XML Book

Do you have a question? Post it now! No Registration Necessary

Translate This Thread From English to

Threaded View
Hi all,

Can anyone suggest which book is the best reference for XML from an
embedded view point.

Thanks
Eoin


Re: XML Book
Hi all,

Can anyone suggest which book is the best reference for XML from an
embedded view point.

Thanks
Eoin


Re: XML Book


Quoted text here. Click to load it

Could you or someone suggest a way in which XML might be
relevant to embedded systems at all?

- FChE

Re: XML Book

Quoted text here. Click to load it

An RTOS spec (ARINC-653) used for many embedded avionics systems specifies
the use of XML to define and verify the partition timing and generate the
partition configuration tables.  The spec includes the XML schema and
example instances.

Relevance is still a valid argument though as the spec notes that a program
will need to be written to convert the XML data to something usable by the
compiler.

--
Scott
Validated Software Corp.



Re: XML Book
On 09 Aug 2005 10:20:36 -0400, snipped-for-privacy@redhat.com (Frank Ch. Eigler)

Quoted text here. Click to load it

Setting / exporting  Configuration options in an embedded device. If
XML is used in stead of something else, then the possibility of using
other software to manipulate or generate data in a compatible format
is much easier.
Now if I could only get an XML parser small enough to be usefull in
something like an AVR. The "small" XML parsers I have seen might be
small at a couple of 100K bytes when running on a PC with megabytes of
memory, but on most embedded systems I use, I need something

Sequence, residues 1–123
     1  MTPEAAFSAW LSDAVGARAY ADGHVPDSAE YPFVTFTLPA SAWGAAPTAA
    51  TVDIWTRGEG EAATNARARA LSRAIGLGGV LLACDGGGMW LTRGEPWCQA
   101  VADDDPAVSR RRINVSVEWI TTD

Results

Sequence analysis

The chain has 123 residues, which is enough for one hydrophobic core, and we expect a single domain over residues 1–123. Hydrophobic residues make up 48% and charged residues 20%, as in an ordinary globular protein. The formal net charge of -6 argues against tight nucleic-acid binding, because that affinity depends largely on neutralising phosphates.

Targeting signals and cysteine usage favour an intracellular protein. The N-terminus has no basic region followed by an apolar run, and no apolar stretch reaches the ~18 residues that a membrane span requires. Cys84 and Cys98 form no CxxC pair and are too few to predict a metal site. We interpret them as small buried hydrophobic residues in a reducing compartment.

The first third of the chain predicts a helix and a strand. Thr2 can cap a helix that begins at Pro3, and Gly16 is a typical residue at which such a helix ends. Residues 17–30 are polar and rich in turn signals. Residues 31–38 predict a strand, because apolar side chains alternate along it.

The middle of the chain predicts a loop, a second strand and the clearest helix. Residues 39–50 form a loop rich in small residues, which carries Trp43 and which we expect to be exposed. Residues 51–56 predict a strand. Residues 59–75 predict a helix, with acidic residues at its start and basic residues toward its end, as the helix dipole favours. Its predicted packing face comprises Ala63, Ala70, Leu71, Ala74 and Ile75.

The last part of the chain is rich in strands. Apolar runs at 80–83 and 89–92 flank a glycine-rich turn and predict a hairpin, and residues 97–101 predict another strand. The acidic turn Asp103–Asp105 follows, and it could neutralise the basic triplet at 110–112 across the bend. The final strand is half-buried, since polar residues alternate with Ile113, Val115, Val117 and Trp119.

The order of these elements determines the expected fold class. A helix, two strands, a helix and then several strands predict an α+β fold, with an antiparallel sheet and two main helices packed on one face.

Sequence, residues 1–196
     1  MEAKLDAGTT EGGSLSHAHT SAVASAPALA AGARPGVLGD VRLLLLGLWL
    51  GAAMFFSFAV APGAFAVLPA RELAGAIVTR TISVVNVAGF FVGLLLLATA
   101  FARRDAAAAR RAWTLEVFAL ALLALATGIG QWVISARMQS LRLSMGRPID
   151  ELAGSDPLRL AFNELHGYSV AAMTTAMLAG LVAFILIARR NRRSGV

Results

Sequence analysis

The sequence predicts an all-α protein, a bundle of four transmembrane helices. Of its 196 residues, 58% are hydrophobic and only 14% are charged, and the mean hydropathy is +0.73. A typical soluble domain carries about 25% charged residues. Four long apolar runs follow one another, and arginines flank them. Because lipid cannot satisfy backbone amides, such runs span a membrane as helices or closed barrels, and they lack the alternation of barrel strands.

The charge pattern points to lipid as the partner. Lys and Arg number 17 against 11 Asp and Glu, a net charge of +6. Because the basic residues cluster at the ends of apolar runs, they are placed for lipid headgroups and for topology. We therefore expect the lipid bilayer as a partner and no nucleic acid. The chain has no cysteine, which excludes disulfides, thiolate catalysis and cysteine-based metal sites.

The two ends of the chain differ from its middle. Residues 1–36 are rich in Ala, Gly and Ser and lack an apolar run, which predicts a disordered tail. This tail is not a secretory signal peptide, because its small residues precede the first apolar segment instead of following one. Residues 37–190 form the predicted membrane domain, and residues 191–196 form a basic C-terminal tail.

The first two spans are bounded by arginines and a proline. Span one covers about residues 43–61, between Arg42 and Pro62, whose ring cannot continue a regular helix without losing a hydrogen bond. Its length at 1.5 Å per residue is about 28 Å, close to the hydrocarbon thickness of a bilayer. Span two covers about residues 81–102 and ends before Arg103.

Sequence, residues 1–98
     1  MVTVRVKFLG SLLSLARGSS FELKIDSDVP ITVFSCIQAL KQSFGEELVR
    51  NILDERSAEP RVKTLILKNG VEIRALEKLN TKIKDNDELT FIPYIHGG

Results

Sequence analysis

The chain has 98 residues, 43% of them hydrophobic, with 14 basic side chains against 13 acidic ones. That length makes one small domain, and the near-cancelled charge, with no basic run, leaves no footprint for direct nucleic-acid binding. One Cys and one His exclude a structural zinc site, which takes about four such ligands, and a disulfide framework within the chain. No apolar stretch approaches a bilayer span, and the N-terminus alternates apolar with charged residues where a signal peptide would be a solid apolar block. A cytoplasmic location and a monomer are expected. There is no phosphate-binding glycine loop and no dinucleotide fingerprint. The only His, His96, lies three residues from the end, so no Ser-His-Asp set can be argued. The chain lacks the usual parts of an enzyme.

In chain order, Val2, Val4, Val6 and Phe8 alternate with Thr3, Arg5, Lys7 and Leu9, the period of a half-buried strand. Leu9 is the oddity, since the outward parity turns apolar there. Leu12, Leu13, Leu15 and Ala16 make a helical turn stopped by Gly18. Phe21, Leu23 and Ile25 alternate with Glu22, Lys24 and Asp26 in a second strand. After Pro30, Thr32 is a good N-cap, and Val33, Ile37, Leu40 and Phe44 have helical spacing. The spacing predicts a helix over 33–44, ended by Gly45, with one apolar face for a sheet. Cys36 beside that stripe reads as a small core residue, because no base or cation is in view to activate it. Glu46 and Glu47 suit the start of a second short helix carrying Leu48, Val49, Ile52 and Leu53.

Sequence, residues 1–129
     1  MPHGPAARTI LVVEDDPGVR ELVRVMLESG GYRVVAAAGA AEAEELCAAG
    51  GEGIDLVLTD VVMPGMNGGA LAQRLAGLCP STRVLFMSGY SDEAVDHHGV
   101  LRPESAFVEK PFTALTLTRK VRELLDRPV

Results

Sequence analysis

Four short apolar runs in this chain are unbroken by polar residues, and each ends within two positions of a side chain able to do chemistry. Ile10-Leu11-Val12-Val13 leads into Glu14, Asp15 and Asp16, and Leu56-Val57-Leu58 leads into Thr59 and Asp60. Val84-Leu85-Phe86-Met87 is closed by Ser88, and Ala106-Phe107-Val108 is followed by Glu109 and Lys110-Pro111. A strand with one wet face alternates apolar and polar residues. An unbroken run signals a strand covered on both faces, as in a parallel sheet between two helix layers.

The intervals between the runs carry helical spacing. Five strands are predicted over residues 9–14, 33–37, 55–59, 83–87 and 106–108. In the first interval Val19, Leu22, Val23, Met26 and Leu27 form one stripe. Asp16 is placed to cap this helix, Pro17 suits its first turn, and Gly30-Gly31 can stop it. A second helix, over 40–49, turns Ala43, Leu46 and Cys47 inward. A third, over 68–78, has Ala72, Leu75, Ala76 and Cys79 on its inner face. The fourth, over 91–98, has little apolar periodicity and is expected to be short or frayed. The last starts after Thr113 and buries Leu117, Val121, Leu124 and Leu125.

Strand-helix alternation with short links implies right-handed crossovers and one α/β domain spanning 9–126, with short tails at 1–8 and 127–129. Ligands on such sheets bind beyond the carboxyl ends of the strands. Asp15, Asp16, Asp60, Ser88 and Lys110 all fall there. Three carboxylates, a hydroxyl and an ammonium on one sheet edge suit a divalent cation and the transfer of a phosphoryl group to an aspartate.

preferably less than 1K bytes.

Regards
  Anton Erasmus



Re: XML Book
Thanks ,

Wrox press books are usually pretty good. I sort of agree with the
argument about why would anyone bother to use XML in embedded systems
in particular. If you want to integrate your system in to a distibuted
network XML is the way. My application is basically a data collection
device which can talk to servers/clients over tcp/ip. It needs to be
able to share data easily with custom and eventually, 3rd party
applications. XML makes it easy for other systems to use the data /
display it. Have a look at
http://www.embedded.com/story/OEG20020212S0032


Re: XML Book
On Tue, 09 Aug 2005 21:55:47 +0200, Anton Erasmus

Quoted text here. Click to load it

We're going through the process at the moment to add SOAP and XML
to our PowerNet stack. So far the XML support is less than 500
lines of code for parsing. Of course, we are much helped by having
a Forth interpreter which makes it easy to manage name lists.

You can make *lots* of simplifying assumptions if your application
is constrained rather than a general purpose solution. If all your
transfers are machine generated, you don't really need validation,
you just need to refuse or ignore the request for unknown input.

For configuration, you already know what can be confgured, so the
list of tags you need to respond to is fairly small. Similarly,
the data types are predefined.

Like others, we've found the Wrox book good, and we also like
the O'Reilley "XML in a Nutshell" book.

Stephen

--
Stephen Pelc, snipped-for-privacy@mpeforth.com
MicroProcessor Engineering Ltd - More Real, Less Time
We've slightly trimmed the long signature. Click to see the full one.
Re: XML Book
Quoted text here. Click to load it

Beginning XML, 3rd Edition, ISBN 0-7645-7077-3, www.wrox.com

--
Cecil



Site Timeline